Werther Dell’Edera creates a realistic world in his art. Gritty, bloody (colorist Miguel Muerto uses a lot, A LOT, of red), but grounded in small town realism. The characters of Archer’s Peak step out of the real world and into Dell’Edera’s dark, inked reality. But when it comes to the members of the Order of St. George, they all have an element of ridiculousness to them. The stuffed animals are one thing, stitched up and almost goofy in context, but even the character designs of the Order stand out as bizarre in this world. They are wearing white kimonos and schoolgirl outfits, carrying golden canes and metal masks, and peering at the world with bright red and gold eyes. Where most of Archer’s Peak takes their designs from typical Americana, the Order seems to have stockpiled clothes and color schemes from Saturday morning cartoons and manga. Even Erica, who is the least ridiculously dressed, stands out in town with her huge green coat and massive neon green eyes; characters mention several times “the girl with the creepy eyes,” showing how little she fits into the real world.
This design choice speaks to the fact that these people don’t belong in our world. They are bound to the darkness. And let’s talk about this darkness, i.e. Dell’Edera’s monster designs. They have recognizable forms: spider legs, humanoid bodies, claws, teeth, etc. But the way Dell’Edera and Muerto render these creatures as beings of pure blackness, of shadows, with only a few glowing spots to communicate what these beasts are: representations of childhood fears. While Tynion does an incredible job building the story that is missing children and monster hunting, the artists have showcased our worst fears: as amorphous, semi-solid blobs of malice, exactly like we imagined them as kids.
Talking about the art, I want to mention one last thing: I need a John Wick comic illustrated by Werther Dell’Edera. This artist knows how to illustrate an action sequence. Every page that Dell’Edera illustrates is cinematic; most panels feel like a storyboard for a summer blockbuster, and he isn’t afraid to use a two page spread to give these panels a “widescreen” movie feel. But when he sends Erica into battle? The action is pristine, the choreography feeling realistic and heavy. You can feel the impact of each blow, the physical power of both monster and hunter, in the flow of combat and the panel compositions. Erica fights like a cat, with several dynamic and gymnastic poses used; meanwhile, the monsters loom, often taking up entire panels. This composition shows us the stakes of the fight, how little chance Erica actually has, so each victory is earned. Where some comic artists only suggest a fight with a big punch, Dell’Edera lets readers see every brutal, bloody hit. He doesn’t shy away from the carnage, and given the subject matter, the comic benefits from it.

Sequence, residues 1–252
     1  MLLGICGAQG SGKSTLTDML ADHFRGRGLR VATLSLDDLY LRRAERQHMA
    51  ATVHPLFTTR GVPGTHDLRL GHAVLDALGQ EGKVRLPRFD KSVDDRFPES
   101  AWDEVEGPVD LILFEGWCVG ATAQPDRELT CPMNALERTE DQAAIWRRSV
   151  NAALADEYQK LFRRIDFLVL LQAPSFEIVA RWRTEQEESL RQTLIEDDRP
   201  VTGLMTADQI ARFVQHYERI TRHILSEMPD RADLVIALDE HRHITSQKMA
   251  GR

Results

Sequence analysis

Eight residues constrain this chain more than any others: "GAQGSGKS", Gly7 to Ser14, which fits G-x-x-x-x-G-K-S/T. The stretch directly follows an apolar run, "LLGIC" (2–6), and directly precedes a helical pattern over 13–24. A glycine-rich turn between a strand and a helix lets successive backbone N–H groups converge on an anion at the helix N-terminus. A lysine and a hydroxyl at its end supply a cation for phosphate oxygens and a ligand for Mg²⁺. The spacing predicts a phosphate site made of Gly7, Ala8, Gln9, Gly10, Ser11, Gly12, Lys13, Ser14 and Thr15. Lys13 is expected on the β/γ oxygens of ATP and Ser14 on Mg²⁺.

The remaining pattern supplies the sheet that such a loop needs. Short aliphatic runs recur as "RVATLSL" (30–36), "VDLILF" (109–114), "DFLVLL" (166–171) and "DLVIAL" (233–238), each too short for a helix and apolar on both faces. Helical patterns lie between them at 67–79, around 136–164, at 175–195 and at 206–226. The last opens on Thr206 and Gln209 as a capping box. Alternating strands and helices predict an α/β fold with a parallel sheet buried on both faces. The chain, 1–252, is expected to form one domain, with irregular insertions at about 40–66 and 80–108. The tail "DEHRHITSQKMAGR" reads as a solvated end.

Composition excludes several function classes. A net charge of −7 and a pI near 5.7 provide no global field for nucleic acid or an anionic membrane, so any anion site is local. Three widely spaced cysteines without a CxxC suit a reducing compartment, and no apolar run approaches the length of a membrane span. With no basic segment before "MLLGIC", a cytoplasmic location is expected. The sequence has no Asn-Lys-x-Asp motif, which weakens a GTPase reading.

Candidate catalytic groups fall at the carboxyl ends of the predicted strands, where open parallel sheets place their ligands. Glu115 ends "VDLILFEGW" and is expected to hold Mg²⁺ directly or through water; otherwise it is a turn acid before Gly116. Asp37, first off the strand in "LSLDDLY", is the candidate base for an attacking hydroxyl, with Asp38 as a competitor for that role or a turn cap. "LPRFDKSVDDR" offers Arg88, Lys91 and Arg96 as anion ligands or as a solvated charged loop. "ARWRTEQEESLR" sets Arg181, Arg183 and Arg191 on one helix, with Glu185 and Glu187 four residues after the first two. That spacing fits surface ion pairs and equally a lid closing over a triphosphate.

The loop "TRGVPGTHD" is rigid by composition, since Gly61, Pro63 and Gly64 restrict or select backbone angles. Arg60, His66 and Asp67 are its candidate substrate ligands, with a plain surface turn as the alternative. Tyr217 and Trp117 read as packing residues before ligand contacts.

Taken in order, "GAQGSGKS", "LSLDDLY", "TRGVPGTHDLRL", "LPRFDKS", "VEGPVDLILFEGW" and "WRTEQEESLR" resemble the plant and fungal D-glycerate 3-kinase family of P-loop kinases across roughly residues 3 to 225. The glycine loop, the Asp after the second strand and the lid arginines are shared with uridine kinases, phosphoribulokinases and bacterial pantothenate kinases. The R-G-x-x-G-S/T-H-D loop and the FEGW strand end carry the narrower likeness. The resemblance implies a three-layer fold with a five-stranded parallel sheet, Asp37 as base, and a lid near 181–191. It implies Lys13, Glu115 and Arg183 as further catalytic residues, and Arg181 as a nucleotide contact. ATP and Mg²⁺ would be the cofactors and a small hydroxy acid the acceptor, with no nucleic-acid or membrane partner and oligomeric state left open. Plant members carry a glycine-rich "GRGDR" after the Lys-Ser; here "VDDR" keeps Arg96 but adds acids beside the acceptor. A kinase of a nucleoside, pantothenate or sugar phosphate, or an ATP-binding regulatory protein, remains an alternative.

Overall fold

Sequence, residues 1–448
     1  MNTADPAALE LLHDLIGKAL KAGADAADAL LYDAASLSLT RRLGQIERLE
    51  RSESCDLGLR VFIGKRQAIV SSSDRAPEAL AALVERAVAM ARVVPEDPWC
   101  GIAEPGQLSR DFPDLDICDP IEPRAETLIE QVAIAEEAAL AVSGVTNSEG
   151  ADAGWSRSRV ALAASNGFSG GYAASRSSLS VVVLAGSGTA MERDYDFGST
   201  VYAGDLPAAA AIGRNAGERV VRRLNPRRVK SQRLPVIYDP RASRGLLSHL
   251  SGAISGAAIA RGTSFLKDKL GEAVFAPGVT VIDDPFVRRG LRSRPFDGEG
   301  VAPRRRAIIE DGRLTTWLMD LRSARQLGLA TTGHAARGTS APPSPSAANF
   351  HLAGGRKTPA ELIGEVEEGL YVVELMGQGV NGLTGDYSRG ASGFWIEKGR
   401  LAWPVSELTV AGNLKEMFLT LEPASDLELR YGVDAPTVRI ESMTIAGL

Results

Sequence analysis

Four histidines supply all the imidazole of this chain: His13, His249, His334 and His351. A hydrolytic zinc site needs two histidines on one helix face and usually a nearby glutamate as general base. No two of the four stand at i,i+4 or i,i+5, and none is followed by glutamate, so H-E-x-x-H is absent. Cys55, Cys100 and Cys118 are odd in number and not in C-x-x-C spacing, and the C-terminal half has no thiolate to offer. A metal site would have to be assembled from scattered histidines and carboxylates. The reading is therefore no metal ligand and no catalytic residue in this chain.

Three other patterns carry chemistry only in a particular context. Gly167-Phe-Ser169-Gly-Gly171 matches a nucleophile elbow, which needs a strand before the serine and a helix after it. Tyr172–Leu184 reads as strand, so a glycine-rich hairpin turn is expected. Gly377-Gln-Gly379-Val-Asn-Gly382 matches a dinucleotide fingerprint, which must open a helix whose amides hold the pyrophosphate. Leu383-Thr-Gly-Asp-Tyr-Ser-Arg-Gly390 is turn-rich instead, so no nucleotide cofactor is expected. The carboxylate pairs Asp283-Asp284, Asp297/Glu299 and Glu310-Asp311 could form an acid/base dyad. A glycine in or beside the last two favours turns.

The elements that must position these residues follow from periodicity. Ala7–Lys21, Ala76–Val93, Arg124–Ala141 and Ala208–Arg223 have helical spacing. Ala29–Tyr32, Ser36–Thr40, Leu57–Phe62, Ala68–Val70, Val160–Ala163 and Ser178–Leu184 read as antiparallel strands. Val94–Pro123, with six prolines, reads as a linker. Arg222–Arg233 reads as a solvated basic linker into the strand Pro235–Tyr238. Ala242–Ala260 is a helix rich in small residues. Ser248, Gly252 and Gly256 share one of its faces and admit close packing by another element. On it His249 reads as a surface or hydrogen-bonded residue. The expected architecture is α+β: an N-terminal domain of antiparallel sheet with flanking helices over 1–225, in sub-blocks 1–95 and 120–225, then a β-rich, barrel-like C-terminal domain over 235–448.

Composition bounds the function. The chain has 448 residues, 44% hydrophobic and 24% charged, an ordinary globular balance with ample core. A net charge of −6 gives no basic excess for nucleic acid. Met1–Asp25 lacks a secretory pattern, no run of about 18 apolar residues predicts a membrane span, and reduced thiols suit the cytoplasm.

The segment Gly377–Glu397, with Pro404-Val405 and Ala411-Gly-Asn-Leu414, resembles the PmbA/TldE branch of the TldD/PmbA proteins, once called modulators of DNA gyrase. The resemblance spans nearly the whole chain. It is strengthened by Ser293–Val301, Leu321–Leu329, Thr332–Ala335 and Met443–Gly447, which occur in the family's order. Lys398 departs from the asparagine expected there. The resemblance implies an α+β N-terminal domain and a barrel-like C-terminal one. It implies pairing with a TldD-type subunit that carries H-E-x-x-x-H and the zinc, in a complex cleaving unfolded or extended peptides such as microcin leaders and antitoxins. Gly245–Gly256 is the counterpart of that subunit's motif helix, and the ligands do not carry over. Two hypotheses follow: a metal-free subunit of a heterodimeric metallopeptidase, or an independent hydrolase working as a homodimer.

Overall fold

Something is Killing the Children has earned its Eisner and Ringo Awards. With its compelling plot, vivid characters, and over-the-top action, this comic is one of the best horror stories in the medium. The way James Tynion IV, Werther Dell’Edera and Miguel Muerto capture our worst childhood fears and transplant them onto the page is both terrifying and awe-inspiring. Beyond its horror and action, though, Something is Killing the Children recognizes that the best stories in the genre are the ones that explore the depths of the human experience, and the themes of the impacts of grief and trauma are at the heart of this series. With plenty more issues to come, now is the perfect time to dive into the darkness within this incredible story.